The insurance carrier for the firm of well-reputed New Jersey lawyer John Fahy, who committed suicide in July, is seeking a declaration that it need not cover a malpractice suit alleging he blew the statute of limitations in a sex discrimination case and lied to the client about it until his death.

The complaint in Darwin National Assurance Co. v. Fahy Choi LLC, filed on Nov. 27 in federal court in Newark, alleges that the malpractice claims are not covered because the policy’s prior knowledge condition was not satisfied.

The $1 million claims-made policy, which took effect on Aug. 1, 2012, said that the insurance extended to “wrongful acts” committed before that date if prior to the inception, none of those insured under it had any basis to believe any of them had breached a professional duty or to foresee that a claim might be brought.

The underlying malpractice suit, filed Nov. 4 against the Rutherford firm of Fahy Choi, alleges that Fahy led client Vivien Thorsen to believe he had filed a timely action on her behalf even though the statute of limitations had expired in January 2012.

Thorsen claims he asked for her help with interrogatory answers, informed her of pending depositions that were repeatedly postponed and advised her of nonexistent settlement conferences with the judge and opposing counsel.

Last January, Fahy allegedly told her he had settled the matter for $1.2 million and kept her abreast of his efforts over the next six months to collect the sum. On July 11, he allegedly informed her the check was en route to his office.

Thorsen last heard from Fahy on July 12, when he left her a voicemail saying that he had “good news.”

Five days later, on July 17, he was found dead under a railroad trestle along Route 17 in East Rutherford, with a handgun nearby.

It was only afterward, Thorsen claims, that she learned from the firm’s managing partner, Benjamin Choi, that no action had ever been filed.

Her suit, filed in Passaic County Superior Court, names Fahy’s estate, Choi, the firm, a legal assistant and another lawyer no longer with the firm, Dongho Song, now a Fort Lee solo.

The coverage suit came as a surprise to Thorsen’s lawyer, Bennett Wasserman, of Davis Saperstein & Salomon in Teaneck, and Choi’s attorney, Robert Hille of McElroy Deutsch Mulvaney & Carpenter in Morristown.

They say Darwin National had agreed to defend the malpractice claims subject to a reservation of rights and even took part in settlement talks mediated by retired judge James Clyne in October, though no resolution was reached.

A lawyer provided by the carrier, Maxwell Billek of Wilson, Elser, Moskowitz, Edelman & Dicker in Florham Park, accepted service of Thorsen’s malpractice complaint for the Fahy Choi defendants and appeared for them at the mediation.

Despite the coverage suit, Billek says he will continue to defend them subject to the reservation and will file an answer to the malpractice complaint on their behalf.

Hille says Choi retained him earlier to deal with Darwin and now he will defend him in the coverage case.

Wasserman says of Darwin’s coverage suit, “They seized upon the tragedy of Mr. Fahy’s failure to file a claim and his cover-up of his failure but they completely overlooked our most viable claim.” That, he says, is Choi’s and Song’s alleged negligence in not making sure Fahy filed the suit on time. Both lawyers allegedly were identified as managing attorneys on the firm’s website and were thus obliged to keep tabs on the work done by the firm’s lawyers. “Where was the docketing system? Where was the calendaring system?” he asks.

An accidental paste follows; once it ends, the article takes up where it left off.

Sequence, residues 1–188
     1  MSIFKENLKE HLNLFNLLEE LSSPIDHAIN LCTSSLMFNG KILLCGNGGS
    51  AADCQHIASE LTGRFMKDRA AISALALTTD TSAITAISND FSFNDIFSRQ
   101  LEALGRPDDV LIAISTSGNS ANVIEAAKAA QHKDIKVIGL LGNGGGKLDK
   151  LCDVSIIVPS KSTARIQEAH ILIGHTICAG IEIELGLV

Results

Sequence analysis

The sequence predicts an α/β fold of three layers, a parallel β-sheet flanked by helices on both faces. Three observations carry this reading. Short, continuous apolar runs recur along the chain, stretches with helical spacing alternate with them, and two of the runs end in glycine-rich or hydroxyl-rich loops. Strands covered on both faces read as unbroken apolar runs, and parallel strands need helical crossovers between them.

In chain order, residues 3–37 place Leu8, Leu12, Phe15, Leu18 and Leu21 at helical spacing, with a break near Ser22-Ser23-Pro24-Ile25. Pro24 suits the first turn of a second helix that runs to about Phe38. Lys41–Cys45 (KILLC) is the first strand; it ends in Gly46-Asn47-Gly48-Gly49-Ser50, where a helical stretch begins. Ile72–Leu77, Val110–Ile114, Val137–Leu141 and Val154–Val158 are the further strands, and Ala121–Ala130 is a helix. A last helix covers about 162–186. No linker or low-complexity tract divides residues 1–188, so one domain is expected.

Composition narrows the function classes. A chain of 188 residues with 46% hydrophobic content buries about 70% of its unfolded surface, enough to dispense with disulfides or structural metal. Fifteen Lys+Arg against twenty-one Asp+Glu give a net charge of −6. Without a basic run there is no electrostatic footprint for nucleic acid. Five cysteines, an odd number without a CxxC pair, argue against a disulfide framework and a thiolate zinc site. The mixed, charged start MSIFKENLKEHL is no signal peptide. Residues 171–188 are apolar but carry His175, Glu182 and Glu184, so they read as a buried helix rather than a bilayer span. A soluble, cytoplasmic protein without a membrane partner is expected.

Wasserman says he plans to rely on the New Jersey Supreme Court precedent of Lawson v. First American Title Ins. Co., 177 N.J. 125 (2003), holding that a misrepresentation that voided an insurance policy with respect to the firm and the partner who lied did not strip an innocent partner of protection.

He says he has expert opinions valuing Thorsen’s employment claims at nearly $7 million and as high as almost $10 million.

Darwin’s lawyer in the coverage case, Gerald Ford of Newark’s Landman Corsi Ballaine & Ford, did not return a call. Neither did Song.

Thorsen’s suit includes counts of fraudulent concealment, spoliation and civil conspiracy against James Perconti, a Totowa solo, who allegedly represented Thorsen’s former employer, The MacCormack Agency, and met with Fahy in May 2010 to discuss her claims for sexual harassment and retaliation.

Thorsen alleges Perconti failed to secure a copy of her employment records and informed her three years after that meeting, when her new lawyer asked for them, that none existed, even though his client stated just weeks earlier that he would make them available.

Perconti, who is the municipal judge in Ringwood, Prospect Park and New Milford, did not return a call.

Fahy, a former assistant U.S. attorney and Bergen County prosecutor, was known for prosecuting government corruption as well as defending those accused of it.

Shortly before he died, the Supreme Court ordered that he be temporarily suspended starting on July 29 and pay a $500 sanction for failure to comply with a fee arbitration award.

In light of his death, the court vacated the order on July 19.